Don't Buy It, MakeACD.biz
Some weeks are downers, other uppers. Like the announcement by Nielsen//NetRatings that usage dipped around 15% among the major file sharing providers across the board, from Kazaa to BearShare, which fell right off their rating. "With the negative publicity and threat of steep fines, some surfers appear to be backing off," reported an analyst with the Net measurement firm. With last week's vaunting by file sharing firms that their traffic had in fact increased subsequent to the RIAA threats, we can't blame certain readers for remaining somewhat suspect...
"Give me a break. They are reporting figures when the time frame is a NATIONAL HOLIDAY and one of the largest travelling holidays of the past 9 years. People weren't cutting back on downloading, they were simply not home to do it."
"So where are the numbers from this time (the exact week/month) last year? Does it surprise you to learn that this is the second week after school is out for the summer. Does it also surprise you that 90% of P2P users are in secondary school? This article reeks of music industry propaganda."
It's irrelevant in any case unless the dip turns into a trend versus a blip. And what is far from clear is whether x-file sharers will rush to buy CDs or digital tracks. While the premise that file sharing lead to the steep decline in CD sales is gospel within the music industry, it would be a mistake to presume the reverse is necessarily true. There is clear dissatisfaction with the CD product among most consumers as they have developed an entirely new set of preferences and habits around music. The NPD Group, for example, reported that consumers would be more willing to purchase a CD if it included "enhanced CD features, in conjunction with better marketing of those features." According to their survey of 6,000 music consumers, bonus tracks and video have proved the most effective features in enhancing sales.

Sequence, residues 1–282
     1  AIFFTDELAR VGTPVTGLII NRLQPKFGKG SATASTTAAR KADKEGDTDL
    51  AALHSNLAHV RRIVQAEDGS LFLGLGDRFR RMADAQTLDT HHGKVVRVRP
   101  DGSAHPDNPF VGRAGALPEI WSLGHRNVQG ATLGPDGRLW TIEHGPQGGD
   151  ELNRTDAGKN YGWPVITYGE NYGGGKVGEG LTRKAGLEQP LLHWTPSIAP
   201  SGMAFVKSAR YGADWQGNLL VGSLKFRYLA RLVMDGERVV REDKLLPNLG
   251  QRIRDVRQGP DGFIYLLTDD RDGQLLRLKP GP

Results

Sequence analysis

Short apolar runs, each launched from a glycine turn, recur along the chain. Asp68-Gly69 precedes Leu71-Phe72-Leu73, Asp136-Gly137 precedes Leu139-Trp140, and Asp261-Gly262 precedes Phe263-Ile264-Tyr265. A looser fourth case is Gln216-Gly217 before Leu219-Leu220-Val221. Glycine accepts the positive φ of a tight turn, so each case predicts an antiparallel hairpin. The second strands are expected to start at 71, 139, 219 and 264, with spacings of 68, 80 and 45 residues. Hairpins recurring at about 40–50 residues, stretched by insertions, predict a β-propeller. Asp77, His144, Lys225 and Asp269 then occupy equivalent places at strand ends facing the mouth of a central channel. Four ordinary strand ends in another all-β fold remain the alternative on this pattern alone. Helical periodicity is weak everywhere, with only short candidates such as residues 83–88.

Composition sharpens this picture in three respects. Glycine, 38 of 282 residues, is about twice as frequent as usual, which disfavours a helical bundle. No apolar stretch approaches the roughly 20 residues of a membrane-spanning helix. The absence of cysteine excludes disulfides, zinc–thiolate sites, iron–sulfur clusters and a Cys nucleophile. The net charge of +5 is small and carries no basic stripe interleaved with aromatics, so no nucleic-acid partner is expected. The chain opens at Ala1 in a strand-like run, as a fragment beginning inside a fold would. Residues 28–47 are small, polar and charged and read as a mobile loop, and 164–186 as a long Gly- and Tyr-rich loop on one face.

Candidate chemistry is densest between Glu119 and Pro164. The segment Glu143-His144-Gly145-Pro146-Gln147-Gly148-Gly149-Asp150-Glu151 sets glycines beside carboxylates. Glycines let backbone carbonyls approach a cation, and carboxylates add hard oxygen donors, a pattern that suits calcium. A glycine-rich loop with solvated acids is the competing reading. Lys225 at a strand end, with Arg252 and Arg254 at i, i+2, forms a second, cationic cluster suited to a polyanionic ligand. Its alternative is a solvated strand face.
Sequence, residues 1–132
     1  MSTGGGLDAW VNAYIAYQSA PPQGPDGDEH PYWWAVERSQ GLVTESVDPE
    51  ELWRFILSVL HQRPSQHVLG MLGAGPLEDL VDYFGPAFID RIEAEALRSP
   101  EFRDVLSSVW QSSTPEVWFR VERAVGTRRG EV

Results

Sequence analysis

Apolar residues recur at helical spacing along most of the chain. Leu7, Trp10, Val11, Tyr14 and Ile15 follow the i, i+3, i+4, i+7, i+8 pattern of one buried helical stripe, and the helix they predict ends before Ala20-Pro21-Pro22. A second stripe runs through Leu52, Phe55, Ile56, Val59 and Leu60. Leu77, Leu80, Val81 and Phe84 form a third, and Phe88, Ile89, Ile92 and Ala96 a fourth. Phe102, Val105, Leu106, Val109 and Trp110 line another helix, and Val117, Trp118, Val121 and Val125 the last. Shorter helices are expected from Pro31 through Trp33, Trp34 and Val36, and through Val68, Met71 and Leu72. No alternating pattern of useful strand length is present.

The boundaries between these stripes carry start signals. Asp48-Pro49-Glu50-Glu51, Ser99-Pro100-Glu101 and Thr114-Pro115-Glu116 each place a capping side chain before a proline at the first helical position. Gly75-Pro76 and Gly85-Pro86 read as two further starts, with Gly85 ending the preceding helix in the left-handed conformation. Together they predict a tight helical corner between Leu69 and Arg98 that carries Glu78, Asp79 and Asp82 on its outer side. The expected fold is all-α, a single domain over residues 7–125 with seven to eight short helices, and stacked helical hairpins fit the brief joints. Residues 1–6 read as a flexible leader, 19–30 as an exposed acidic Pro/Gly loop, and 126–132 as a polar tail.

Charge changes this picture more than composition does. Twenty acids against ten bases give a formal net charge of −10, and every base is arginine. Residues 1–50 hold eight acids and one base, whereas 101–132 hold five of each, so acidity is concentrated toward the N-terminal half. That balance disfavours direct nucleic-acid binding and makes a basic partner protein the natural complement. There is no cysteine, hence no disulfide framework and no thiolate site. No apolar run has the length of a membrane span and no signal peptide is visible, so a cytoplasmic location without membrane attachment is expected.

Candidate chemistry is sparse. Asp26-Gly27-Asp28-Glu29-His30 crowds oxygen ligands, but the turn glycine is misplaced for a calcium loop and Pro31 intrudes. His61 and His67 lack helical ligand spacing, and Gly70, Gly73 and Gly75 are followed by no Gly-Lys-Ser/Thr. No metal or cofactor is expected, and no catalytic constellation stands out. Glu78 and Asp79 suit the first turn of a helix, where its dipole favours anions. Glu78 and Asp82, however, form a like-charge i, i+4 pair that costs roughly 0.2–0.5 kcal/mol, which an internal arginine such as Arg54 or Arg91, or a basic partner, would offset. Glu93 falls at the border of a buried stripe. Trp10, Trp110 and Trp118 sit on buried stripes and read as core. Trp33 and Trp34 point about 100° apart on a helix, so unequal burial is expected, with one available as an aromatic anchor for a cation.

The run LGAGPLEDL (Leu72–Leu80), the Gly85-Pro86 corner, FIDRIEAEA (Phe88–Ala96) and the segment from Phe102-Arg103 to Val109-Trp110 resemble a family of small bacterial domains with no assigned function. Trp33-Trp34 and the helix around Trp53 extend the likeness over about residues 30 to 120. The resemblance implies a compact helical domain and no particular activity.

But today's youth in particular, reared on downloading, sharing & burning, are more likely to want to store their music collection in a Linux-converted Xbox or iPod than a cumbersome stack of commercial CDs. And while enhanced features and, most importantly, drastic price cuts can stave off the commercial CD's decline, it is just waiting to join the VHS and cassette tape in the relic bin.
Record labels therefore need to step up their efforts in the digital music sphere in a much more radical manner than ¢99 music files, or even "enhanced downloads." They need to move in step with the consumers' demand for freedom and ease of use. You could say that they've progressed beyond fine dining to the all-you-can-eat buffet! My suggestion: give up on the CD (at least from a marketing pov) and simply provide music consumers with all the tools they need to make their own CD, from music & video tracks, to video games featuring the artist(s) and fanclub IM app... and why not throw in a choice of CD covers like TV Guide does?
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